In the world of sales and customer service, what people say and what they mean are not always the same thing. Take these phrases, for example:

“Maybe in six months.” “I’m just looking.” “I can get it on sale somewhere else.”

Sound familiar? Do you understand what people mean when they use these objections?

In this issue of Promotional Consultant Today, we share these red flags, identified by customer service expert Kate Zabriskie. Pay attention when your prospects say these words.

1. When customers say “maybe,” they often mean “no.” Maybe we’ll place an order in six months. “Maybe” may mean never. When you hear that word, keep asking questions. Don’t wait six months and then act surprised when no order is forthcoming. You have your customer or prospect’s attention now and a chance both to clear up some misconceptions and make a sale or at a minimum to understand why he or she is resistant.

  • I understand that you’re on the fence and ordering now isn’t in your plan. Between now and the time when you might order, how will you get ABC done?
  • When you place an order six months from now, tell me a little about how you will use XYZ product in your business.
  • What other solutions have you considered to accomplish ABC?

Any of those follow-up questions will give you some insight into the other person’s needs and decision process. The better you understand people and what motivates them, the more likely you’ll be able to help if there is a fit or to get a straightforward answer if there isn’t. The point is, when you hear “maybe,” investigate.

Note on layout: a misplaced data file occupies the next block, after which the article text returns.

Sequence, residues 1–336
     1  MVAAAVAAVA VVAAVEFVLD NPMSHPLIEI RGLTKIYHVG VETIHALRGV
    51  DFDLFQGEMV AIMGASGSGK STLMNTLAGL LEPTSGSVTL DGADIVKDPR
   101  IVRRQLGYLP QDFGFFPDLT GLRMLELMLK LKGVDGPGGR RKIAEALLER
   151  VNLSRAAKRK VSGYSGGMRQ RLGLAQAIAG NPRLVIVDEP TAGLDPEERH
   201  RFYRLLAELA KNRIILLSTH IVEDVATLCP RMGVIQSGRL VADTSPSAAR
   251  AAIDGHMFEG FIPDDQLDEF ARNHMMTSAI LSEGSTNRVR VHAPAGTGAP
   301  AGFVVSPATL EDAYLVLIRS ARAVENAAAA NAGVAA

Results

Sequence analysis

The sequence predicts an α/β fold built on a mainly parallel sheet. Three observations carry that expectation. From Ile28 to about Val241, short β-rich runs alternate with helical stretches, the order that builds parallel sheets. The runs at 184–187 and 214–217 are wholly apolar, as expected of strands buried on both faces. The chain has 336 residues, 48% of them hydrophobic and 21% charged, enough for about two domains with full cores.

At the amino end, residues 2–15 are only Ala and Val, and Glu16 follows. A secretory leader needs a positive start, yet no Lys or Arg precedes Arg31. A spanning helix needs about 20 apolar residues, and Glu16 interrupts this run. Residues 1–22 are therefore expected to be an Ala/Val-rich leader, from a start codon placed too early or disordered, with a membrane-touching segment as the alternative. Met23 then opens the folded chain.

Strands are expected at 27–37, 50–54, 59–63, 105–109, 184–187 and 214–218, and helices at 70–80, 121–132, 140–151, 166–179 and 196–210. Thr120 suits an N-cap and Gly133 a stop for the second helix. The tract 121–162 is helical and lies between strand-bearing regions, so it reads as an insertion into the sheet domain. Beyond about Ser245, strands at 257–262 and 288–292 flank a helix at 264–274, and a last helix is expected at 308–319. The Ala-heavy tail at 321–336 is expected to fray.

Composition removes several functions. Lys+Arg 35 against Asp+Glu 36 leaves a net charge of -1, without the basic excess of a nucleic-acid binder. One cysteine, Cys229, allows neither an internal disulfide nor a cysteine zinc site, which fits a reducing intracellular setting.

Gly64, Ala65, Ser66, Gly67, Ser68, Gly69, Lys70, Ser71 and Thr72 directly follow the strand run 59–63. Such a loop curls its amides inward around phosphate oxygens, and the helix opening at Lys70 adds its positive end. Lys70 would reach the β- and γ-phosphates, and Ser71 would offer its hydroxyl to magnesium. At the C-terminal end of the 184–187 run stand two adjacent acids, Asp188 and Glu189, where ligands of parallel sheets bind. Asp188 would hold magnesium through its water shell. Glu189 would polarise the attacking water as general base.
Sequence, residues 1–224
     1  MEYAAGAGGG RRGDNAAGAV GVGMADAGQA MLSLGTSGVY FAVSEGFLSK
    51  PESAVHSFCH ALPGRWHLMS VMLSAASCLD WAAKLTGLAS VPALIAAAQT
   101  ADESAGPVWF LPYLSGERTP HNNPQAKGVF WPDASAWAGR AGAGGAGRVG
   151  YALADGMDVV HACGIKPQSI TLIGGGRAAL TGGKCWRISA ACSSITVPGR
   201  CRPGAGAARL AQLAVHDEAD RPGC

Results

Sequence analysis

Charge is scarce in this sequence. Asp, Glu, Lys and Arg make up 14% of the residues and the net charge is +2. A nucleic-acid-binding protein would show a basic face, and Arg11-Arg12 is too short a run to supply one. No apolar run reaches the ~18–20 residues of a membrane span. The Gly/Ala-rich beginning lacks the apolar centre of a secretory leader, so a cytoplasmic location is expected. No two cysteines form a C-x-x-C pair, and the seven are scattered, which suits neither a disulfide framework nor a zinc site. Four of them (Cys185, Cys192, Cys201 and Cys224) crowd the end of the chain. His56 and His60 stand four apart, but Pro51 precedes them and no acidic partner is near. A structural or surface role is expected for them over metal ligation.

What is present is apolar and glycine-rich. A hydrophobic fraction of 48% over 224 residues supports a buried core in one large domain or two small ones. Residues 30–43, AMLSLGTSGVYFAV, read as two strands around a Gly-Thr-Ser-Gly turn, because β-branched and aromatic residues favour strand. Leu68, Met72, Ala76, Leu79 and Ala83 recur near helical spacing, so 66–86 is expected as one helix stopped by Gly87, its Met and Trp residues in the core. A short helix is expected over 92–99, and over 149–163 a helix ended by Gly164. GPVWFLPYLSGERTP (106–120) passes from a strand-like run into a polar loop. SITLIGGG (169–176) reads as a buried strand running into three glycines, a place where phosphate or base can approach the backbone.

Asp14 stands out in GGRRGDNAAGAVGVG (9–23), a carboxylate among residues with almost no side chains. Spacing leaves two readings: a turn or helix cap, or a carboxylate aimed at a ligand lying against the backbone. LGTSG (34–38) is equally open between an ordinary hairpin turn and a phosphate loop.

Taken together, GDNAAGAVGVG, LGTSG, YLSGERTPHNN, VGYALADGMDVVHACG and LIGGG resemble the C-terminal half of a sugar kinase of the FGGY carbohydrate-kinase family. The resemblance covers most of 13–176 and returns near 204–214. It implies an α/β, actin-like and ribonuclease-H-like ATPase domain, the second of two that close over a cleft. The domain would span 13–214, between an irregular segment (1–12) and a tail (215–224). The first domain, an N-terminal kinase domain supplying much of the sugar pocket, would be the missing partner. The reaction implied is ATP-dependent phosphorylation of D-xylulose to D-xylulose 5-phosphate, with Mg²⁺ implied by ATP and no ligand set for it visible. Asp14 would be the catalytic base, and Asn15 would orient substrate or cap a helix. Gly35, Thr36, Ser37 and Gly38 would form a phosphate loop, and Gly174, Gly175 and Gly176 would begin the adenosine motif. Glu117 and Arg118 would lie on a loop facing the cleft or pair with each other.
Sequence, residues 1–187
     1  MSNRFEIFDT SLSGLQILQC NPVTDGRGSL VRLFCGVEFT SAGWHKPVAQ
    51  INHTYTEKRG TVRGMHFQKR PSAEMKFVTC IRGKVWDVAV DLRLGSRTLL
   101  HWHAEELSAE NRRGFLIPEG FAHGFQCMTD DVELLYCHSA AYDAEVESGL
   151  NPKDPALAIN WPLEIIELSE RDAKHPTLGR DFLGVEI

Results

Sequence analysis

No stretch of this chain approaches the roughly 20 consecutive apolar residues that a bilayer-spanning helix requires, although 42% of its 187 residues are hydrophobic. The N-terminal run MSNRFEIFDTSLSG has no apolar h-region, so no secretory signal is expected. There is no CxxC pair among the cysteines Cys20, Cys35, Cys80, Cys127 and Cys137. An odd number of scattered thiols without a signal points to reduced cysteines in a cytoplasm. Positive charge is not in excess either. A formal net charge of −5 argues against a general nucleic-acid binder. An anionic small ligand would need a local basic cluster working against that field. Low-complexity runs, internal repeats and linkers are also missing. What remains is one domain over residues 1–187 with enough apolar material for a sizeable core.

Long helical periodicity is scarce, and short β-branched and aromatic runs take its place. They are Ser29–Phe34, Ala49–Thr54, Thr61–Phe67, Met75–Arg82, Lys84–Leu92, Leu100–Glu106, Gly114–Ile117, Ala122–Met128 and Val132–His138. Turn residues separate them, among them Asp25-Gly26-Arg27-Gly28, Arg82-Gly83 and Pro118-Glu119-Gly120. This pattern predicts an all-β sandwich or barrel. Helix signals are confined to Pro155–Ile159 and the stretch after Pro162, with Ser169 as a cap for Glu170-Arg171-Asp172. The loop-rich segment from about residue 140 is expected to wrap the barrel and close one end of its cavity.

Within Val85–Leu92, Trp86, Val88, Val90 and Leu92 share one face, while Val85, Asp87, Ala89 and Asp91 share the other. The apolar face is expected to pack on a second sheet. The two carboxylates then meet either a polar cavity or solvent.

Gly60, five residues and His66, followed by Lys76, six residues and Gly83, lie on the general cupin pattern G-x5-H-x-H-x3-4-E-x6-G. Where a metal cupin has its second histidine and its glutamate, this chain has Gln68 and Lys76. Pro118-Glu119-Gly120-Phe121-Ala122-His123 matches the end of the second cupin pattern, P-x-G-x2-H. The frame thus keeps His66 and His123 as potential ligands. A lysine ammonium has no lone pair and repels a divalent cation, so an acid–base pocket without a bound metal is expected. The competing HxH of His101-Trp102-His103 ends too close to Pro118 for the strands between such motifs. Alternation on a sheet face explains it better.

2. Another phrase that communicates very little—the use of the word “fine.”

For example, “How is everything?”, you ask. “Everything’s fine,” says your prospect.

Maybe it is, and maybe it isn’t. You can’t know unless you do a little more digging. People will often say “everything is fine” in lieu of “go away” or “totally horrible, but I don’t feel like engaging in conversation about it.”

If you find yourself getting a lot of “everything’s fine,” make subsequent inquiries. If you ask something specific, you’ll learn more. “Which part of the meal was your favorite?” is hard to answer with “fine.” Instead, you’ll most likely discover what your customers liked and what they didn’t.

3. When customers begin a sentence with “why,” they are usually expressing displeasure of some sort. Why is this so expensive? Too often, service and salespeople miss the real meaning behind these kinds of inquiries. “Why is this so expensive” translates to “this costs too much.” You get the idea.

Listen for “why,” and respond with something better than “I don’t know” or “you’ll have to ask my manager.” Although your customers aren’t jumping up and down with steam coming out of their ears or carrying gigantic flags with the word “why” emblazoned across them, somewhere lurking behind the question are people on their way to unhappy.

Whether you’re uncovering the details behind “maybe” and “fine” or recognizing that “why” is often a complaint, better listening can help you build your relationships with people, improve your sales, and enhance the service experience. Take the time to slow down, ask questions, and get to the core of a customer’s message.

Source: Kate Zabriskie is the president of Business Training Works, Inc., a Maryland-based talent development firm. She and her team help businesses establish customer service strategies and train their people to live up to what’s promised.